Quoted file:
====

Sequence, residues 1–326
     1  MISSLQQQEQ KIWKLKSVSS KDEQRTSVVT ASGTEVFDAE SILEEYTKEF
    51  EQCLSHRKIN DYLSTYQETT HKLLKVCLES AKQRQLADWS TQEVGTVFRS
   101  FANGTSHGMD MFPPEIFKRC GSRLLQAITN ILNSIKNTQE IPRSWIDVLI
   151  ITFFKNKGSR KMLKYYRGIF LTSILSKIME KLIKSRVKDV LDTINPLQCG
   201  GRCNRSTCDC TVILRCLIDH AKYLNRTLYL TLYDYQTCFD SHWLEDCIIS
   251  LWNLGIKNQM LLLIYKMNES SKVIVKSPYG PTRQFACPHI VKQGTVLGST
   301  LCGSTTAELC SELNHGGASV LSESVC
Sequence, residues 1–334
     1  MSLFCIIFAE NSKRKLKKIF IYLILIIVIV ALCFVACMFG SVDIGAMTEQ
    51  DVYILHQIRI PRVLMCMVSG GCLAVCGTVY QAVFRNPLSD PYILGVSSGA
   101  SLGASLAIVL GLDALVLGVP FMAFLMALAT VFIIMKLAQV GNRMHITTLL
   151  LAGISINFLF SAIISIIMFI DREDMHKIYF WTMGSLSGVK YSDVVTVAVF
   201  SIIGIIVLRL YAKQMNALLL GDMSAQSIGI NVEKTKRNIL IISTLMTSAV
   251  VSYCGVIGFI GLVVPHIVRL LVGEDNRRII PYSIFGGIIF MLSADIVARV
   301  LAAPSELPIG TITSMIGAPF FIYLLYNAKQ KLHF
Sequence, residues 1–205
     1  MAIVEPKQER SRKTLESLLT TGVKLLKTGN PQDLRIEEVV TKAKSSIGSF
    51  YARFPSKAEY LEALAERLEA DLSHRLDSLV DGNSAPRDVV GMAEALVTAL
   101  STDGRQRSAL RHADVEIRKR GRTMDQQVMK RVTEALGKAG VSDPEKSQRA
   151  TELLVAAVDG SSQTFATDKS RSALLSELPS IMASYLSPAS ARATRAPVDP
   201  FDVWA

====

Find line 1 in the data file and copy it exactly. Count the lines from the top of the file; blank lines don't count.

Sequence, residues 1–326